Like the other series, Silence is also based on a contradiction. The first discernible contradiction is between the series’ title and the exhibited forms. The use of horns next to neon lights and televisions – objects that are sources of noise and sound – is clearly in contrast to the title of the series.
The upside down figures next to horns, neon lights, and televisions, gives one an unpleasant, suffocating feeling. The sense of suffocation is both because the position of the figures’ feet suggests that their heads are submersed under water, and also because they represent a type of suffocation from not being able to speak. A painful silence is prevalent among all the light and noise but no one is listening to it.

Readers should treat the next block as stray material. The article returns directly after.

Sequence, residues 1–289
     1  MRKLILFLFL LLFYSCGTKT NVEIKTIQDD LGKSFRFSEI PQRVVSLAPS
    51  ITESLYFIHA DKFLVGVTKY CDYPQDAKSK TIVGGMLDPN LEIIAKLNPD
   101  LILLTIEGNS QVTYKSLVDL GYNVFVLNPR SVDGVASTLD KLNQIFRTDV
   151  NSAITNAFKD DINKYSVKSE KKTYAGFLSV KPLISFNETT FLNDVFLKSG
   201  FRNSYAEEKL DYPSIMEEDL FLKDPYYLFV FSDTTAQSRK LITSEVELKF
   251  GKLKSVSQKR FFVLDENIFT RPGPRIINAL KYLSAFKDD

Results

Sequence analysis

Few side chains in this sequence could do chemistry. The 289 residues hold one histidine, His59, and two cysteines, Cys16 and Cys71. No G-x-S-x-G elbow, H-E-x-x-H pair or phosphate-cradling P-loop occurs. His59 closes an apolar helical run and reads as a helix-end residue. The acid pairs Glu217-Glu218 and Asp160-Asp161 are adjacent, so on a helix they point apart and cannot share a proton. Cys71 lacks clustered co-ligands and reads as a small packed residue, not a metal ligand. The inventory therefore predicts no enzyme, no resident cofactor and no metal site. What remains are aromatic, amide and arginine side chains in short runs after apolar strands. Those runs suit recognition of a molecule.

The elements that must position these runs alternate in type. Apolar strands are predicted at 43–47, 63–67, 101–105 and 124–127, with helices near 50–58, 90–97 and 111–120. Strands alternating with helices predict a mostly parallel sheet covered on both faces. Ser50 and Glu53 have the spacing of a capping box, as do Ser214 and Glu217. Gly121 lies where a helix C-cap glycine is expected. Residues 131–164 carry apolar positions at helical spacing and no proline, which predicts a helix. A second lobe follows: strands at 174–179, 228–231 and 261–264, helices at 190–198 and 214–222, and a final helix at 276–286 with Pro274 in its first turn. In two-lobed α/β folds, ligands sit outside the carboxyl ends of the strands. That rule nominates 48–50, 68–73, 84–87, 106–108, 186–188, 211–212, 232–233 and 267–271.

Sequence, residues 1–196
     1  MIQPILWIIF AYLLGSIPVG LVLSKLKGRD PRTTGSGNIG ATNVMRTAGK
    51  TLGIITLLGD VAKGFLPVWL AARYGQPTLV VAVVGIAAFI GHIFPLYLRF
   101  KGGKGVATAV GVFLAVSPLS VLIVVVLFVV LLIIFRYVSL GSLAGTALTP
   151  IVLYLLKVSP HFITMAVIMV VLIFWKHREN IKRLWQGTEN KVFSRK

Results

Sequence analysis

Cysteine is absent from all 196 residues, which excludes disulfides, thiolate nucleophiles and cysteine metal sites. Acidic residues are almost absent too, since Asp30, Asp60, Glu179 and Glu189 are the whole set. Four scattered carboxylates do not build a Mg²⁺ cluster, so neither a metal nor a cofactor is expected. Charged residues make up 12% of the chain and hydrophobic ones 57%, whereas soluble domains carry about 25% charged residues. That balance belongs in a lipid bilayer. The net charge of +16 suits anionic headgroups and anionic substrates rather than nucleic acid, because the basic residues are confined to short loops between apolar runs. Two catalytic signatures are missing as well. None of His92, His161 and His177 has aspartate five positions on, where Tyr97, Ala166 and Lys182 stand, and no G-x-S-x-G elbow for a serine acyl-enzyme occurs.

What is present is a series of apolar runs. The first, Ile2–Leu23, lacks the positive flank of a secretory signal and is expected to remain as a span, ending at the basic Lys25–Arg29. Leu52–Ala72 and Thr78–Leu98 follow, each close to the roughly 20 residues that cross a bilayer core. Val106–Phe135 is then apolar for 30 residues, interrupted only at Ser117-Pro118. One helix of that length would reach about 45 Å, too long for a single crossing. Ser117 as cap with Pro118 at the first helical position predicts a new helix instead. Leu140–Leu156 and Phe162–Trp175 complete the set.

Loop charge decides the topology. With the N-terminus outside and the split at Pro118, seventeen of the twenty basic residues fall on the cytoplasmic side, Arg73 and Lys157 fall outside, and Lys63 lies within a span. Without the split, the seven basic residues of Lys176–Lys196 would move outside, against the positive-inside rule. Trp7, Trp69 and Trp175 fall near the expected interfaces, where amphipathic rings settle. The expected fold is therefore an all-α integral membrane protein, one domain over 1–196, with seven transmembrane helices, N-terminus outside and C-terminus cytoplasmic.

The figures in the series represent the artist himself. They are simultaneously presented as bare and direct, but in the midst of all the neon lights, horns, and televisions (that clearly make reference to the media), they are also represented as something they are not. It is as if the media that surrounds these figures has so enthralled the viewers that they are unable to see the bare truth of the figures. Words appear on the figures in colored light, words like “Don’t give up!” and “Live”. These represent the noise that won’t allow the artist to be heard, yet pushes him to continue on, to not give up and continue to live.